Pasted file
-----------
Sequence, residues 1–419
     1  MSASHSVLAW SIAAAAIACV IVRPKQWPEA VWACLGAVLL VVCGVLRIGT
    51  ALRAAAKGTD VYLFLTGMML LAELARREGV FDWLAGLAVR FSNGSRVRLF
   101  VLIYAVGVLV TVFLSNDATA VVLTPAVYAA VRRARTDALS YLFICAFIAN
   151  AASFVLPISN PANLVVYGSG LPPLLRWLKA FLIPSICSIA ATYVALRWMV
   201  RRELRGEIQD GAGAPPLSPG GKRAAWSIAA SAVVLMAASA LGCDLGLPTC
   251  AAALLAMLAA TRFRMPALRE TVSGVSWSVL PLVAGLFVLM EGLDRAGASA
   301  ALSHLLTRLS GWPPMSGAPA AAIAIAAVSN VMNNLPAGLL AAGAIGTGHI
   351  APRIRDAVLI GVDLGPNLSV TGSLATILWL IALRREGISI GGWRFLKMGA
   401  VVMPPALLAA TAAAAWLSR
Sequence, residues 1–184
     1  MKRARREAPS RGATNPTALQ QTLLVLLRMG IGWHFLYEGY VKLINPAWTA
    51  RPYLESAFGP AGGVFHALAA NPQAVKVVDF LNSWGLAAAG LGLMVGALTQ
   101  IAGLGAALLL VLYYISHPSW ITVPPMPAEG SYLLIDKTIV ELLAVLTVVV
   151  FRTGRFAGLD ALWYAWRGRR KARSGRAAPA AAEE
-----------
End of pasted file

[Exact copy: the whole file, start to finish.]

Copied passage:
Sequence, residues 1–419
     1  MSASHSVLAW SIAAAAIACV IVRPKQWPEA VWACLGAVLL VVCGVLRIGT
    51  ALRAAAKGTD VYLFLTGMML LAELARREGV FDWLAGLAVR FSNGSRVRLF
   101  VLIYAVGVLV TVFLSNDATA VVLTPAVYAA VRRARTDALS YLFICAFIAN
   151  AASFVLPISN PANLVVYGSG LPPLLRWLKA FLIPSICSIA ATYVALRWMV
   201  RRELRGEIQD GAGAPPLSPG GKRAAWSIAA SAVVLMAASA LGCDLGLPTC
   251  AAALLAMLAA TRFRMPALRE TVSGVSWSVL PLVAGLFVLM EGLDRAGASA
   301  ALSHLLTRLS GWPPMSGAPA AAIAIAAVSN VMNNLPAGLL AAGAIGTGHI
   351  APRIRDAVLI GVDLGPNLSV TGSLATILWL IALRREGISI GGWRFLKMGA
   401  VVMPPALLAA TAAAAWLSR
Sequence, residues 1–184
     1  MKRARREAPS RGATNPTALQ QTLLVLLRMG IGWHFLYEGY VKLINPAWTA
    51  RPYLESAFGP AGGVFHALAA NPQAVKVVDF LNSWGLAAAG LGLMVGALTQ
   101  IAGLGAALLL VLYYISHPSW ITVPPMPAEG SYLLIDKTIV ELLAVLTVVV
   151  FRTGRFAGLD ALWYAWRGRR KARSGRAAPA AAEE